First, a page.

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ORIGINAL ARTICLE
Year : 2017  |  Volume : 1  |  Issue : 2  |  Page : 63-68

Neurofilaments as a biomarker of axonal loss in multiple sclerosis


1 Department of Neurology, Al-Azhar University, Cairo, Egypt
2 Department of Clinical Pathology, Al-Azhar University, Cairo, Egypt

Correspondence Address:
Ghada Saed Abd Alazim
PhD in Neurology, Departments of Neurology, Al-Azhar University, Cairo
Egypt
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Source of Support: None, Conflict of Interest: None


DOI: 10.4103/sjamf.sjamf_14_17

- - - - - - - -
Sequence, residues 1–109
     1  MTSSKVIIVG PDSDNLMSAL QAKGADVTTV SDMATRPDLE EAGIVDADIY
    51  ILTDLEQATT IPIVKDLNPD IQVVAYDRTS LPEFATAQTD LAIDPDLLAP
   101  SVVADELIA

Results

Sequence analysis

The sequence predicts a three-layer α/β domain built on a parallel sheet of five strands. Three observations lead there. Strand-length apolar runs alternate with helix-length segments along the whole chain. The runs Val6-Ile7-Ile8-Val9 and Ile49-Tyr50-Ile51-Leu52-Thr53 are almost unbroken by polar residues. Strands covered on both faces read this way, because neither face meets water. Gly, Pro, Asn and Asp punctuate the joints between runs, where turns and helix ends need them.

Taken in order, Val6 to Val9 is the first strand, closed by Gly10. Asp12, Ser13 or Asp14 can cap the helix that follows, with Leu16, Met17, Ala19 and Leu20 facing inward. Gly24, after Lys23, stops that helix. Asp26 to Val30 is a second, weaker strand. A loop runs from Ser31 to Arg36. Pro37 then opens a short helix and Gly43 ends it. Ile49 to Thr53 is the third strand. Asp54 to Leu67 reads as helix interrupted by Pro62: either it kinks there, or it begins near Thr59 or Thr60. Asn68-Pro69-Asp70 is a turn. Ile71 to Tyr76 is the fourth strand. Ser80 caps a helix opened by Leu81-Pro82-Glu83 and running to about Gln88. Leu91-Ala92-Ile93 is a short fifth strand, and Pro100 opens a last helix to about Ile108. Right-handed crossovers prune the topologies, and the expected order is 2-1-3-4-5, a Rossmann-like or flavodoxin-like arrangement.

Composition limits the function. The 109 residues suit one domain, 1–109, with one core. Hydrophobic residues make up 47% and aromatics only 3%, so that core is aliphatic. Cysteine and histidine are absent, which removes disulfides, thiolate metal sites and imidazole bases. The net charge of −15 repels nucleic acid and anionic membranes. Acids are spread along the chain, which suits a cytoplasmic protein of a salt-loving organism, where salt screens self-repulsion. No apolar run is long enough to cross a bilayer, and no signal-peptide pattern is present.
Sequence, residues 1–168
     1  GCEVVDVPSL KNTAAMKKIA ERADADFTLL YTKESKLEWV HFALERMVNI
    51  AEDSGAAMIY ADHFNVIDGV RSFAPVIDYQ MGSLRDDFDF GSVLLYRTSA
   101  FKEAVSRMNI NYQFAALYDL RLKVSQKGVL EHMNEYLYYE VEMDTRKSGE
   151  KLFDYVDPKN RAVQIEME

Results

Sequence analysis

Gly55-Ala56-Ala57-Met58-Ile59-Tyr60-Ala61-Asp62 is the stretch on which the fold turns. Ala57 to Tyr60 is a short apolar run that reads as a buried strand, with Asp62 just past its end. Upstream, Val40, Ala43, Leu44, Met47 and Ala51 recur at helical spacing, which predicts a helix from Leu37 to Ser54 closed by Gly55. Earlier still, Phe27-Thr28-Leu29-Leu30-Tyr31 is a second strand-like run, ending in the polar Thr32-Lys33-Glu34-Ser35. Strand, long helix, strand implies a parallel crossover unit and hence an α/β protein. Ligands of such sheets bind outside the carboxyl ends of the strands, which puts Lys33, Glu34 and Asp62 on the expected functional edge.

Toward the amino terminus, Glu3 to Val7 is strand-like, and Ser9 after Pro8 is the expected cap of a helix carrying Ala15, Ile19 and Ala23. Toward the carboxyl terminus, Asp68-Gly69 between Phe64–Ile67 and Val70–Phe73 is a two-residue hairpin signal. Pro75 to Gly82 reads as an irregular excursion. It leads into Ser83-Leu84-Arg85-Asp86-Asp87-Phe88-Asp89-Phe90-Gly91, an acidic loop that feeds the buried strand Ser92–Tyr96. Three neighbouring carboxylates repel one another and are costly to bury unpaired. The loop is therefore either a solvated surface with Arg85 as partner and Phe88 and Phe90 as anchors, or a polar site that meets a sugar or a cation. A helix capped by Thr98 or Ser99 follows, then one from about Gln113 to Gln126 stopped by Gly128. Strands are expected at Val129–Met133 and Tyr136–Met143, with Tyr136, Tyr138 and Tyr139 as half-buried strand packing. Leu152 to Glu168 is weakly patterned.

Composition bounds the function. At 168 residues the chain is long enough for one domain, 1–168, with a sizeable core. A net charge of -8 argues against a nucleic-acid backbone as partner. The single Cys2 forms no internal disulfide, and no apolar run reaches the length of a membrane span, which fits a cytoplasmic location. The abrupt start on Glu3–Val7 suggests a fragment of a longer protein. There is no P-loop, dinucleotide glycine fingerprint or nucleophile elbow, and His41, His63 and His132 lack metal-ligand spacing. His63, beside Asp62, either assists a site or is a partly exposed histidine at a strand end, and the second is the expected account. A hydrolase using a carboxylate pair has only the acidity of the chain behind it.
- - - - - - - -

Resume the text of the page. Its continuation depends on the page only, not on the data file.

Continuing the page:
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Background Neurofilaments (NF-H) might be a potential biomarker of CNS tissue damage in MS, but their potential predictive value for the future disease course, disability, disease progression, and treatment response needs to be investigated. Aim of the work The aim of this study is to evaluate the role of serum phosphorylated neurofilament H as a marker in multiple sclerosis and correlate it’s level with clinical expanded disability status scale (EDSS) and magnetic resonance imaging findings. Subjects and methods Study included 40 patients and 20 healthy control, 20 patients with relapsing remitting multiple sclerosis (RRMS) and 20 patients with secondary progressive multiple sclerosis (SPMS). All patients in this study were subjected to full history taking and clinical examination and scoring according to the EDSS scores, routine laboratory investigations, measuring of serum phosphorylated neurofilament-H (PNF-H) levels and neuroradiological assessment. Results Patients with secondary progressive multiple sclerosis were more likely to have a high serum (PNF-H) titer compared to patients with relapsing remitting multiple sclerosis, and these levels were significantly correlated with EDSS scores in both patients groups. Conclusion The increase in (PNF-H) titer during the progressive phase of the disease together with the correlation of (PNF-H) levels with all clinical scales and radiological lesions (e.g. gadolinium-enhanced lesions and black holes) suggests that cumulative axonal loss is responsible for sustained disability and that high (PNF-H) level is a poor prognostic sign.


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